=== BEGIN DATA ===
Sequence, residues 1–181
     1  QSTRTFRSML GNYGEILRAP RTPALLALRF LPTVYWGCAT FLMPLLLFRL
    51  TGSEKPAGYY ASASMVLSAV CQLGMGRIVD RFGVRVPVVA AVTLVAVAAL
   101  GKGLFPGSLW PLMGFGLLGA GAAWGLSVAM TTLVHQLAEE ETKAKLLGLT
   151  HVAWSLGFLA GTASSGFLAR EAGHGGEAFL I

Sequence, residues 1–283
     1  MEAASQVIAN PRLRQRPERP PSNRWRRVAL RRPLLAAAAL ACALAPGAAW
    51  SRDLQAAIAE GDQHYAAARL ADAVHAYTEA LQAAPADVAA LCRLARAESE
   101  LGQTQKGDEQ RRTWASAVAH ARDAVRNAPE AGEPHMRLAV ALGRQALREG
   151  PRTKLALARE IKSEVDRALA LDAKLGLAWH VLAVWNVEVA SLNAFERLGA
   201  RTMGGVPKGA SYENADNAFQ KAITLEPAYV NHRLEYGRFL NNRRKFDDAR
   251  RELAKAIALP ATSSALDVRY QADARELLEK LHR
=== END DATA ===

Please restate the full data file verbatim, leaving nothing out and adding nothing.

Sequence, residues 1–181
     1  QSTRTFRSML GNYGEILRAP RTPALLALRF LPTVYWGCAT FLMPLLLFRL
    51  TGSEKPAGYY ASASMVLSAV CQLGMGRIVD RFGVRVPVVA AVTLVAVAAL
   101  GKGLFPGSLW PLMGFGLLGA GAAWGLSVAM TTLVHQLAEE ETKAKLLGLT
   151  HVAWSLGFLA GTASSGFLAR EAGHGGEAFL I

Sequence, residues 1–283
     1  MEAASQVIAN PRLRQRPERP PSNRWRRVAL RRPLLAAAAL ACALAPGAAW
    51  SRDLQAAIAE GDQHYAAARL ADAVHAYTEA LQAAPADVAA LCRLARAESE
   101  LGQTQKGDEQ RRTWASAVAH ARDAVRNAPE AGEPHMRLAV ALGRQALREG
   151  PRTKLALARE IKSEVDRALA LDAKLGLAWH VLAVWNVEVA SLNAFERLGA
   201  RTMGGVPKGA SYENADNAFQ KAITLEPAYV NHRLEYGRFL NNRRKFDDAR
   251  RELAKAIALP ATSSALDVRY QADARELLEK LHR